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Kansas Gov. Sam Brownback says federal officials have granted the state permission to overhaul its Medicaid program.
The decision by the U.S. Department of Health and Human Services was announced Friday. It allows Kansas to turn the $2.9 billion-a-year program for the needy over to three private insurance companies in January as planned.
The state already has awarded three-year contracts to the companies. Medicaid covers medical services for about 395,000 poor, disabled and elderly Kansans.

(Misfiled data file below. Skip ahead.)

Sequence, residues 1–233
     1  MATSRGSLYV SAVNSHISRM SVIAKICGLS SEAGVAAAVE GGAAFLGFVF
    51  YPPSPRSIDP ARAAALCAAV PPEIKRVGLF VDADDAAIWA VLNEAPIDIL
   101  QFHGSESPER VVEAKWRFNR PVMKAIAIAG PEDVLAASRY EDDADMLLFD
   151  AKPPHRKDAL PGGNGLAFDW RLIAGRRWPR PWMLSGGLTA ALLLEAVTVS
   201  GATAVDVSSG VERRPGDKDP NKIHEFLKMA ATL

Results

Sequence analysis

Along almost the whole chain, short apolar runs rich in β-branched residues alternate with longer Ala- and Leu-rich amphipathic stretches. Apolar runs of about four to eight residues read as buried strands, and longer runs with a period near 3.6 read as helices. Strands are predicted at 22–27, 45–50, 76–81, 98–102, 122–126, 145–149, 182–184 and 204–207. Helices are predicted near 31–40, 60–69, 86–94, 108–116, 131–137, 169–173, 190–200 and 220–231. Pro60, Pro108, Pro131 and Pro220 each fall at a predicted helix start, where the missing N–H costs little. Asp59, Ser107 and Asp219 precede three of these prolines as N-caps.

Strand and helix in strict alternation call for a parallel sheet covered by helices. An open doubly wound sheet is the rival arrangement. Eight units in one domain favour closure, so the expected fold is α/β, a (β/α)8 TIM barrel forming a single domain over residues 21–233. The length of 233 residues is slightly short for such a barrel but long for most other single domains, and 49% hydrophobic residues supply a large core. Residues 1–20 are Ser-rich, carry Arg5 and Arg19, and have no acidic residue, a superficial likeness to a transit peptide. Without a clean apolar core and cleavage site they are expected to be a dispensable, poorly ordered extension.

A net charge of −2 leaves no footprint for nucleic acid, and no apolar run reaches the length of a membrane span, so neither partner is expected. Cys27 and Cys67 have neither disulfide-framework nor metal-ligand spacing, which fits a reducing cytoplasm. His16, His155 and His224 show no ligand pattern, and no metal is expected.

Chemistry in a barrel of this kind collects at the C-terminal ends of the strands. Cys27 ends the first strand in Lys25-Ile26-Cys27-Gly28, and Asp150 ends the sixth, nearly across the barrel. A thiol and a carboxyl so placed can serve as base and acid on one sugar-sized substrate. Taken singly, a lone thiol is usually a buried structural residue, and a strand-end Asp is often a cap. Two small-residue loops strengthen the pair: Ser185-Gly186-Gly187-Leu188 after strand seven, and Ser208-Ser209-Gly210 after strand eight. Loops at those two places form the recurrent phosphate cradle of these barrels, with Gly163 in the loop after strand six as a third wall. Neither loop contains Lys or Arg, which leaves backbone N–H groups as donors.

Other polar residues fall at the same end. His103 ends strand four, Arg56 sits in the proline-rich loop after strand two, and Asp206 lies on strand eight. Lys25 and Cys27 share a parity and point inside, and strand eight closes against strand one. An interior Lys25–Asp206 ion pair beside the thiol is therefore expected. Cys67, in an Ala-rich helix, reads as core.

Brownback's administration argues that moving all Medicaid participants into managed care will improve services while controlling the state's costs.
Kansas needed HHS to waive some of its rules for the overhaul to proceed because the federal government provides the majority of funds for states' Medicaid programs.
In a statement issued by the governor's office, Lieutenant Governor Jeff Colyer said KanCare will focus on wellness and care coordination. He says it will continue current program benefits and will add services such as heart and lung transplants, obesity care and preventive dental care.